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The Cleveland Guardians defeated the Tampa Bay Rays 1-0 in a 15-inning marathon (box score) on Saturday in Game 2 of their American League Wild Card Series. The Guardians, as a result, will advance to the AL Division Series to play a best-of-five set against the New York Yankees. The Rays, meanwhile, are heading home to begin their offseason after being swept in the best-of-three series. Tampa Bay scored just one run in two games (24 innings)

Outfielder Oscar Gonzalez homered to lead off the bottom of the 15th against former Guardian Corey Kluber. That came after the Rays had runners on the corners and one out in the top of the inning. Sam Hentges was able to coerce strikeouts from both Francisco Mejia and Jose Siri, ending the threat on six pitches.

The victory was not easily attained. Rather, the Guardians and Rays were scoreless entering the 15th inning, making it the first postseason game ever to reach such depths without anyone crossing the plate. The next longest scoreless postseason game, the opener of the Atlanta Braves and Cincinnati Reds Wild Card Series in 2020, was scoreless through 12 1/2 innings. The Braves then won in the bottom of the 13th.

This contest now serves as the longest playoff game in either franchise's history. 

As a way of paying tribute to the postseason's first marathon game, here are four wild statistics that sum up how much pitching dominated the afternoon.

1. The longest scoreless playoff game ever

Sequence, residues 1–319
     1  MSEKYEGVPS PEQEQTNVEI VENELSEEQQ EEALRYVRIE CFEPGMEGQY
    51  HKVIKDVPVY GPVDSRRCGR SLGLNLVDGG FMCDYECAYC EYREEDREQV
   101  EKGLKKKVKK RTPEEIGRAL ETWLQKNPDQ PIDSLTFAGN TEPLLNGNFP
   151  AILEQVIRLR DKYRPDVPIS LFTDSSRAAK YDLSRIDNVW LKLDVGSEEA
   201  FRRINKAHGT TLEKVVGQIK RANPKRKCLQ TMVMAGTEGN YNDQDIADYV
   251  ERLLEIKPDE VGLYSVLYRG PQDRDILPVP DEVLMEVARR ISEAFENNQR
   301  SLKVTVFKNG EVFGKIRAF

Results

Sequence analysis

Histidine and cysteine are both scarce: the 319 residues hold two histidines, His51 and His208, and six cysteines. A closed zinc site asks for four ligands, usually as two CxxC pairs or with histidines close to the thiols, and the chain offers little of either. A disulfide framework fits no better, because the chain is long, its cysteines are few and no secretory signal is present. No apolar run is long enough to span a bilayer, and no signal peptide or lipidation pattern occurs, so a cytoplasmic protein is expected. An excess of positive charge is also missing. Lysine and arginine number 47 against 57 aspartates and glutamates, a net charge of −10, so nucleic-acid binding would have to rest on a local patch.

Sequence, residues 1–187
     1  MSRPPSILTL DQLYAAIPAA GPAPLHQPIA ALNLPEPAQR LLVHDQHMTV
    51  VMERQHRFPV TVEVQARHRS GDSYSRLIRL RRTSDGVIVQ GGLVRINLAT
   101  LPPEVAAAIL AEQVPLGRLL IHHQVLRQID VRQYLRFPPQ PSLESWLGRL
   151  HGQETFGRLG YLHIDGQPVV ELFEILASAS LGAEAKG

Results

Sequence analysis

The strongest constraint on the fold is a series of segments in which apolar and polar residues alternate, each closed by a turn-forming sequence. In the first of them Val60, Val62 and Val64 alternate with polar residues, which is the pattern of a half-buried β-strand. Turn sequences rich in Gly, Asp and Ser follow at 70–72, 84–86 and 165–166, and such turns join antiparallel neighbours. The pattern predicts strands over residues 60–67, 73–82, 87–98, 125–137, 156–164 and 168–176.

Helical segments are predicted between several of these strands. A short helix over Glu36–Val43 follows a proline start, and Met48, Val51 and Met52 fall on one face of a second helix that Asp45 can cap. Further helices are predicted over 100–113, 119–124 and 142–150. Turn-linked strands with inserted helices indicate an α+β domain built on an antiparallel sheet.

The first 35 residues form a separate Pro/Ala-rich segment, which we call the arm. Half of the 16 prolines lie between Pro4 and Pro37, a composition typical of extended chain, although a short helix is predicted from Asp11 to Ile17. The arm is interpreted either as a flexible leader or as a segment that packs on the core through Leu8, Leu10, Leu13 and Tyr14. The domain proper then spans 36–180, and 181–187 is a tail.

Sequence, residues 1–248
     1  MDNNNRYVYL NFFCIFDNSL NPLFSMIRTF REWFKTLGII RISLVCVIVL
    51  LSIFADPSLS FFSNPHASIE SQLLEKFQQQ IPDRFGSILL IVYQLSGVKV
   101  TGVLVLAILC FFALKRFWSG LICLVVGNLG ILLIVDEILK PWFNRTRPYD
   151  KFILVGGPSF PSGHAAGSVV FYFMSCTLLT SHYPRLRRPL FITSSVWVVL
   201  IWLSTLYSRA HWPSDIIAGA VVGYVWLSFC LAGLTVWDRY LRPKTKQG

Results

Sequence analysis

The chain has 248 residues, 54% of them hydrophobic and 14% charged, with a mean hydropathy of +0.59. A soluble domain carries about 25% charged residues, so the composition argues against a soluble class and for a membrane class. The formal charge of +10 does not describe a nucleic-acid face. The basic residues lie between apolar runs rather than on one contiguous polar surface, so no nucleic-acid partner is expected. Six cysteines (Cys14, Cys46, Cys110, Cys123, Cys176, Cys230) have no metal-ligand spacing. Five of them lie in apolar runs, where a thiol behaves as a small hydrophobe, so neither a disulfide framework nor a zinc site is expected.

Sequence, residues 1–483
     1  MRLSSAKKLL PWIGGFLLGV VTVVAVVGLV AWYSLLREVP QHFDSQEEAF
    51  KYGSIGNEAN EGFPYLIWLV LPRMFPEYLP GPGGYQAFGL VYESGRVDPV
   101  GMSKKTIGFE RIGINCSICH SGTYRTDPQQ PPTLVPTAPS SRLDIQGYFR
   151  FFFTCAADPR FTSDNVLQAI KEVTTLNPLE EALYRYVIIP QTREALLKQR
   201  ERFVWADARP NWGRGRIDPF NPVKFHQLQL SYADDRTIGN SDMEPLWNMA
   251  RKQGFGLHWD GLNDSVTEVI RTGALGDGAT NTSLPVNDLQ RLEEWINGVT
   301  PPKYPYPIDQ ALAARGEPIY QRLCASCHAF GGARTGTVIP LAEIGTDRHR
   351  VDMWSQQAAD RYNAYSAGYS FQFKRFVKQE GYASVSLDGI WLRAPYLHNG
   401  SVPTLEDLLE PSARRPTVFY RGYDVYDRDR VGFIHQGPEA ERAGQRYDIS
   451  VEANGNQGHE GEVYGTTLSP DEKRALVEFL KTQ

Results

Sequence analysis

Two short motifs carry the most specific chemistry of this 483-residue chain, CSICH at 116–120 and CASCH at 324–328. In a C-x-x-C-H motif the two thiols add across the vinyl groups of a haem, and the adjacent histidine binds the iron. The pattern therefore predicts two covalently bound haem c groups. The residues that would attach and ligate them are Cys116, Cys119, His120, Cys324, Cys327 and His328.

While this was only the second postseason game to ever be scoreless heading into the 12th or later, it was the sixth postseason game to be scoreless through 10 innings, according to MLB.com's Sarah Langs. This was just the second time since the last round of expansion (1998) that a playoff game was scoreless into extra innings:

That aforementioned Reds-Braves game saw the Braves win 1-0 on a walk-off Freddie Freeman single in the bottom of the 13th. The Braves would also win the subsequent game by a 5-0 margin, ending the series before the Reds could score. The Rays can take solace in knowing they scored one run on a Jose Siri homer in Game 1.

2. A new record for combined strikeouts

Again, pitching dominated the afternoon. Need more evidence? Fine, fine. The two pitching staffs combined for 39 strikeouts, a new postseason record. (The Guardians were responsible for 20 of those, meaning the two sides were nearly split 50/50.)

There were 104 plate appearances taken throughout the game, meaning that 37.5 percent of them ended in a strikeout. For perspective, the qualified pitcher with the highest strikeout percentage during the regular season was San Francisco Giants left-hander Carlos Rodón. Rodón punched out 33.4 percent of the batters he saw.

3. The pitchers combined for a 0.31 ERA

Sometimes a game just demands the reprinting of stat lines as a means of establishing a point. Let's do that below by showing what each team's pitching staff managed:

  • Rays: Eight pitchers,14 innings, five hits allowed (four singles), one run, three walks, 19 strikeouts
  • Guardians: Eight pitchers, 15 innings, six hits allowed (all singles), zero runs, five walks, 20 strikeouts

Combined, that's 16 pitchers, 29 innings, 11 hits (10 singles), one run, eight walks, and 39 strikeouts. 

4. Platinum sombreros for both sides

Entering the day, three players had ever recorded "platinum sombreros," or five-strikeout games in the playoffs: George Pipgras (1932), Reggie Sanders (1995), and Harrison Bader (2020). As Timothy Burke noted on Twitter, this game saw two players join that group: Guardians second baseman Andrés Giménez and Rays outfielder Jose Siri.

Giménez and Siri combined to go 0 for 11 with 10 strikeouts. Credit to Siri for managing to put a ball into play: he hit a fly out to center in the 11th.